• No electronic devices 90 minutes prior to sleep. If you were to only implement one of these recommendations, PLEASE may it be this one. Especially for younger athletes! Teenagers use electronic devices for an average of 7 hours per day, that’s a huge amount of time and plays a big role in sleep debt and reductions in performance (not to mentions its effects on posture and related habits – an area I’ll save for a future article). Blue light is a frequency of light emitted by almost every backlit device (mobile phones, tablets, laptops and TV screens. This type of light significantly decreases the body’s release of melatonin (the hormone which makes you feel sleepy), in fact it has been found to shut down its production for up to 90 minutes, making falling asleep very difficult. Try to create a “digital sunset”, where you turn all technology off at the same time each night. It has to be said, that in this day and age it may be very difficult to completely get away from backlit devices, however, there are blue light blocking apps available which are very useful as well as glasses which filter out blue light.

 

 

  • Use your bed for sleeping only, try to avoid working and watching TV on it. As a result your brain will associate your bed with sleep only. When travelling and staying in hotels, use available cafés, bars or foyers to work, socialize or watch TV.
  • Avoid alcohol and caffeinated drinks for 6 hours prior to scheduled sleep. Foods containing tryptophan (such as turkey and pumpkin seeds) can aid melatonin production, include these in your final meal of the day. Finally, try to consume 30-40g of casein immediately prior to sleep to feed your recovery overnight. 
  • Temperature control! Your body’s internal temperature drops when it is preparing to go to sleep, this is why it is so hard to sleep in a hot (or extremely cold) environment. Make sure your bedroom is pitch black and cool (around 18°C), ensure that this temperature can be maintained throughout the night.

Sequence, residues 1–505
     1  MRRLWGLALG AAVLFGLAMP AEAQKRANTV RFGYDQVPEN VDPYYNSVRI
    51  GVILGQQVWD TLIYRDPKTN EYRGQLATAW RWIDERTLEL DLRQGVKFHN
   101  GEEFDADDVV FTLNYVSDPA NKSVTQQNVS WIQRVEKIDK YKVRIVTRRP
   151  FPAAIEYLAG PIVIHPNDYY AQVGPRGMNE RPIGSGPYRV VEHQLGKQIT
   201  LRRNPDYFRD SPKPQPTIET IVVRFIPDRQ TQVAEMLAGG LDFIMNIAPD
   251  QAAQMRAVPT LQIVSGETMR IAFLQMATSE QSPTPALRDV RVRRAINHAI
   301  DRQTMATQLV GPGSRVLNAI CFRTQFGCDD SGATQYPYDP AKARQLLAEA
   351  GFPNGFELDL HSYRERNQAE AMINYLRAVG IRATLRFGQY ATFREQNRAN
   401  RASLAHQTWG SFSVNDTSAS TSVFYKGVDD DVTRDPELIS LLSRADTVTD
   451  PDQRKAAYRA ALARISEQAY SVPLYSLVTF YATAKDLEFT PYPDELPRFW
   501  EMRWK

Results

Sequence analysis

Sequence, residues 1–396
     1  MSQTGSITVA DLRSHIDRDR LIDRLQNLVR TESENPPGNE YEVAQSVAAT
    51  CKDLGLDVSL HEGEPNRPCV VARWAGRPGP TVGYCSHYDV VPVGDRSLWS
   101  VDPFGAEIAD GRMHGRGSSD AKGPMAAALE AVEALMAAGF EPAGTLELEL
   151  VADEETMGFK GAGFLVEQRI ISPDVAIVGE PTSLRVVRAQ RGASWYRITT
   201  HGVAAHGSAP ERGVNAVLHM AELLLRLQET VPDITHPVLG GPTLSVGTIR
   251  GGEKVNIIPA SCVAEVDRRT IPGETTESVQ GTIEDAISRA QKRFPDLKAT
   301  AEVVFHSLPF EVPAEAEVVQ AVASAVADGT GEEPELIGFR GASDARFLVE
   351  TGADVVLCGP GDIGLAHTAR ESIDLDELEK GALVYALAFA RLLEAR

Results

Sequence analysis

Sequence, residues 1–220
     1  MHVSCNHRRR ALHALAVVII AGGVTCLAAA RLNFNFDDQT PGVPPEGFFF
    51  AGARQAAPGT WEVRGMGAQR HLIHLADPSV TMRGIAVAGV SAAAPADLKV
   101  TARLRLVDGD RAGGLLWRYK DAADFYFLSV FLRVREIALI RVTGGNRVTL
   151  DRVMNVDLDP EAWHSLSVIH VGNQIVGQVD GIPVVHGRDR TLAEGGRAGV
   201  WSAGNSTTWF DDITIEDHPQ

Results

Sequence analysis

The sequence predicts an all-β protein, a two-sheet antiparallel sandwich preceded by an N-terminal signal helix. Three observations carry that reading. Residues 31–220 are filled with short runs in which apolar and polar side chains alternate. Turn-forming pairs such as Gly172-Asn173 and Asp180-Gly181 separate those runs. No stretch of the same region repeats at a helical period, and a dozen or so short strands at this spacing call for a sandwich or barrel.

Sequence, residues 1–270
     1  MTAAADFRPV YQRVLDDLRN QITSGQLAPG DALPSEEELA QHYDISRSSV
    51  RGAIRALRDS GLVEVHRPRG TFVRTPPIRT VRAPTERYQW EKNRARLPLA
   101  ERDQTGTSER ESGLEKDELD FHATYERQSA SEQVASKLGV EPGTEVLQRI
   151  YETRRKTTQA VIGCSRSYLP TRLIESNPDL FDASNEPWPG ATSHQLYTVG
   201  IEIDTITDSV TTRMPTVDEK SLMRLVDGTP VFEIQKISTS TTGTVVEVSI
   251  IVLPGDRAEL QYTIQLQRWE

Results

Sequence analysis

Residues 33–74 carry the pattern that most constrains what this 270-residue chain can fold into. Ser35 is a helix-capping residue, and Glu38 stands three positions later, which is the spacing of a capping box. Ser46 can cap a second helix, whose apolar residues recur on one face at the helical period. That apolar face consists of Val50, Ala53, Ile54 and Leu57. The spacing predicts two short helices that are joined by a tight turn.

• During competition or when travelling, pick a roommate who you have shared a room with before and who is unlikely to disrupt your sleep (snoring, staying up late to watch TV, etc), invest in an eye mask and ear plugs. Glasses can also be useful when travelling in buses and at airports at night to help block out the bright light and limit disruptions to melatonin release.
  • Use relaxation methods, these can be very useful especially when worrying about competitions. Methods such as goal setting, meditation, self-talk and mental imagery are great for reducing competition related anxiety. Even away from competition, sometimes thoughts of worry and anxiety can occur, again, meditation is great for this. As simple as it sounds, keeping a to-do list is also an effective way of reducing worries or stress, when you’re lying in bed with things popping in and out of your mind, write them down and forget about them until the morning, you no longer have to keep them floating about in your working memory.

References

1-      Robson-Ansley, P.J., Gleeson, M. and Ansley, L. (2009) ‘Fatigue management in the preparation of Olympic athletes’, Journal of Sports Sciences, 27(13), pp. 1409–1420.

2-      Hudson Walters, P. (2002) ‘Sleep, the athlete, and performance’, Strength and Conditioning Journal, 24(2), p. 17.

3-      Oliver, S.J., Costa, R.J.S., Laing, S.J., Bilzon, J.L.J. and Walsh, N.P. (2009) ‘One night of sleep deprivation decreases treadmill endurance performance’, European Journal of Applied Physiology, 107(2), pp. 155–161.

4-      Gamble, K.L., Berry, R., Frank, S.J. and Young, M.E. (2014) ‘Circadian clock control of endocrine factors’, Nature Reviews Endocrinology, 10(8), pp. 466–475.

5-      Brooks A. (2006) ‘A brief afternoon nap following nocturnal sleep restriction: which nap duration is most recuperative?’, SLEEP, 29(6), pp. 831-840.

6-      Faraut, B., Nakib, S., Drogou, C., Elbaz, M., Sauvet, F., De Bandt, J.-P. and Léger, D. (2015) ‘Napping reverses the salivary Interleukin-6 and urinary Norepinephrine changes induced by sleep restriction’, The Journal of Clinical Endocrinology & Metabolism, 100(3), pp. E416–E426.

By Harry McQueen @27hmcqueen